• This opinion provides the highest level of comfort.  But note that “a legal opinion is not an insurance policy.”  A judge could still decide adversely on the matter, so the opinion should not be considered a guarantee of absolute certainty.
    • The conclusion of the opinion giver may be that there is no material risk of being wrong.
  • “Should” opinion:  70% to 75% probability of position being sustained.
    • Use this in connection with SEC securities registration.  See SEC Staff Legal Bulletin No. 19.
    • May also be used in memorandums, notes, etc. in support of tax items on GAAP financial statements.  See FAS 5.
    • This opinion standard implies a reasonably high level of confidence that the position will be sustained and is significantly higher than the “more likely than not” standard but allows for a not insignificant risk of being wrong.
  • “More likely than not” opinion: More than 50% probability of position being sustained.
    • If considering likelihood of audit, settlement possibilities and approach of tax authority, e.g., for GAAP financial statements, see FIN 48 (interpreting FAS 109)
    • If not considering likelihood of audit, e.g., for covered opinions, see pre-June 2014 version of Circular 230, Sec. 10.35
    • Regulations impose minimum requirements that must be satisfied in order for an opinion to provide a possible mechanism to establish the reasonable cause-good faith defense of I.R.C. § 6664(c) to avoid the imposition of the substantial understatement penalty (I.R.C. § 6662(b)(2)) against a corporate taxpayer in connection with a tax shelter (Treas. Reg. § 1.6664-4(f)).  One of these requirements is that the opinion “unambiguously [state] that the tax advisor concludes that there is a greater than 50-percent likelihood that the tax treatment of the item will be upheld if challenged.”
    • If the IRS asserts a reportable transaction understatement penalty (tax-exempt bonds are not reportable transactions) under I.R.C. § 6662A, a taxpayer may be able to avoid the penalty by meeting the requirements of I.R.C. § 6664(d).  Among the requirements imposed by I.R.C. § 6664(d) is that the taxpayer must have reasonably believed that the claimed treatment was more likely than not correct.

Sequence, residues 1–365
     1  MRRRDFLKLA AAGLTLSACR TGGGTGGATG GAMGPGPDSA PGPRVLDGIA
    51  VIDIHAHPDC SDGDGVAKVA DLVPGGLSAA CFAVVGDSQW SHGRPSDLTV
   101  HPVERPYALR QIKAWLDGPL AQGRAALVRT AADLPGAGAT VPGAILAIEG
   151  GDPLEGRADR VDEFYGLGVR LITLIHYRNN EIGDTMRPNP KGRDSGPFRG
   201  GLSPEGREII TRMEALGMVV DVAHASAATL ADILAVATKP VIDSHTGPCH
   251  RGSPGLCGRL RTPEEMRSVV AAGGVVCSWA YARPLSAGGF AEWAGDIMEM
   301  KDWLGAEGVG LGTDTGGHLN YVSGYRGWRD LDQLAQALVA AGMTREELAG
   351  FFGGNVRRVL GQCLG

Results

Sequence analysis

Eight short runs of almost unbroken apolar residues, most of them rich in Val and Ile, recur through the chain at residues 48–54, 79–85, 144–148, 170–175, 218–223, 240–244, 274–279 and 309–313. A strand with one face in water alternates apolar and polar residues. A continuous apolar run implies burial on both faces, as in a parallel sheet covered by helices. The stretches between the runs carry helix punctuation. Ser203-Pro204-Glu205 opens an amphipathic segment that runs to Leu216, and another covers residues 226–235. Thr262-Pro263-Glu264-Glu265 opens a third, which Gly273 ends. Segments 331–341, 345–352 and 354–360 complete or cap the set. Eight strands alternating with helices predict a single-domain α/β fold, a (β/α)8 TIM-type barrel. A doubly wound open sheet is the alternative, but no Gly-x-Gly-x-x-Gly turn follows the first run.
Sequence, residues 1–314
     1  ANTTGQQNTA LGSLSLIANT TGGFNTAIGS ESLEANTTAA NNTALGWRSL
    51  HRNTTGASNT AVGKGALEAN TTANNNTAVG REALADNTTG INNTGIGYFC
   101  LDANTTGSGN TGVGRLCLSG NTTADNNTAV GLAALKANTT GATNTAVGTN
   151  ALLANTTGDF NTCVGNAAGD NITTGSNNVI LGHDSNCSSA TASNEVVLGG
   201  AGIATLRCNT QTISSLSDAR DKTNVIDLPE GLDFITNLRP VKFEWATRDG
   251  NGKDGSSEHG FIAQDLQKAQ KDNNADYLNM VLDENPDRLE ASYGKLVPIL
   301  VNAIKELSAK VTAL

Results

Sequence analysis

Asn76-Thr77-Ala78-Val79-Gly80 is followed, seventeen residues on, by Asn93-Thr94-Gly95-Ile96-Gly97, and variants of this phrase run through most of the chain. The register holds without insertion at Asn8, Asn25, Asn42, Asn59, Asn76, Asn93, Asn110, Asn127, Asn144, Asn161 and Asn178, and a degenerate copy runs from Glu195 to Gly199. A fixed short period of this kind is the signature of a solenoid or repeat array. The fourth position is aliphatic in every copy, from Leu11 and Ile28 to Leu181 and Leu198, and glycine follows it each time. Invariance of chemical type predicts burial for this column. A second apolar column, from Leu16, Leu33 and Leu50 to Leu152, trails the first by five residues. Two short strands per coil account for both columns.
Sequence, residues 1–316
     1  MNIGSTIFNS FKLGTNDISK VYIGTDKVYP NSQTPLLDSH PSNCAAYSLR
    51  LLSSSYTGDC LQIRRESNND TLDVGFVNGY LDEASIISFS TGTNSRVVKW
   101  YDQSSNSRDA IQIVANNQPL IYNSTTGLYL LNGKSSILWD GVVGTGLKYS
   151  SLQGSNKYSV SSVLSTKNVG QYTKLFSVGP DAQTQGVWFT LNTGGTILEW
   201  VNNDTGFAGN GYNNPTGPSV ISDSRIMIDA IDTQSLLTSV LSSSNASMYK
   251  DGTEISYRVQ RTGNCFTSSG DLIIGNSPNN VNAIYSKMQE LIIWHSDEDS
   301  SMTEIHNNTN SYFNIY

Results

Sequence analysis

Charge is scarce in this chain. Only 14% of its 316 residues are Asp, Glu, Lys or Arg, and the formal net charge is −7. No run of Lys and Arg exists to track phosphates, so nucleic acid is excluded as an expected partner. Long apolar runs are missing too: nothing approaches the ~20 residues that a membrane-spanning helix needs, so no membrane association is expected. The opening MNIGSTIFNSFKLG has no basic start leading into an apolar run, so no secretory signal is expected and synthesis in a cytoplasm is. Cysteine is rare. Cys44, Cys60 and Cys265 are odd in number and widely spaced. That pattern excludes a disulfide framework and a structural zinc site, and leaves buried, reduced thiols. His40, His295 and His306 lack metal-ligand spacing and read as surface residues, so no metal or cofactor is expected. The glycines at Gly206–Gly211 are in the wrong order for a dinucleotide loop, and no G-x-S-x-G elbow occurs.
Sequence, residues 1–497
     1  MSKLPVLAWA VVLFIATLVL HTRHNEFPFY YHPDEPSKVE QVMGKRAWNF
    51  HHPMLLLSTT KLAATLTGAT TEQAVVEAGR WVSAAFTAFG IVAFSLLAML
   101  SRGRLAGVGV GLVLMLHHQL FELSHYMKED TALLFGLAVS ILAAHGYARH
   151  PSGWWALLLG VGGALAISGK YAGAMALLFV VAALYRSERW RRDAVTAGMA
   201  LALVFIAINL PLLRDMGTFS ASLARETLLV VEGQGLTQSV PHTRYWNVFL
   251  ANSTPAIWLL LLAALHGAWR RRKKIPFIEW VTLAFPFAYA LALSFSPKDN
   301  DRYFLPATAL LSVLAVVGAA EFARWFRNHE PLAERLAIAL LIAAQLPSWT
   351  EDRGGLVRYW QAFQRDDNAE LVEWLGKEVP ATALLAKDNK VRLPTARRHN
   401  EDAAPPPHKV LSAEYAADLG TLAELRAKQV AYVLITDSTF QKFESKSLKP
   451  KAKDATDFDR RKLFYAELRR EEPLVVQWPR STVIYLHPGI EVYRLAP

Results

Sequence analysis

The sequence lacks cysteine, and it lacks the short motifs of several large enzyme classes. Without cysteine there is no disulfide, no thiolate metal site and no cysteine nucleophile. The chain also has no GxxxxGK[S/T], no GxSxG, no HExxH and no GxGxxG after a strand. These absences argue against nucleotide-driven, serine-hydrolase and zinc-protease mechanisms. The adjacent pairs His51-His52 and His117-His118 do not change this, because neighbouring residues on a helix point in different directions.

• A tax return preparer who claims a position with respect to a tax shelter or reportable transaction may be subject to a penalty under I.R.C. § 6694 unless it is reasonable to believe that the position would more likely than not be sustained.
    • “One situation where an issue can arise is where the weight of authority, as between two possible outcomes, is almost evenly balanced.  There are two schools of thought concerning this situation.  One school of thought reasons that, for any proposition of law, either that proposition or its converse must be more likely than not correct, and goes on to conclude that it should therefore always be possible to render a ‘more likely than not’ opinion on one side or the other of a binary issue. Accordingly to this school of thought, if a practitioner has any doubt about whether he can render an opinion that the consequences of a particular transaction will more likely than not be X, he need only ask himself if he could render an opinion that the consequences would more likely than not be something other than X; if the answer to that question is negative, he can always give the X opinion.”   Other practitioners, however allow for the possibility that there can exist issues that are simply too close to call.
  • “Substantial authority” opinion: Less than “more likely than not” but greater than “reasonable basis” (34% to 40% likelihood)
    • Helpful for substantial underpayment penalty for reportable transactions under I.R.C. 6662A.  See I.R.C. 6664(d)(1), (3)
    • Substantial understatement penalty for tax shelter items for non-corporate taxpayers.  See Treas. Reg. 1.6662-4(g)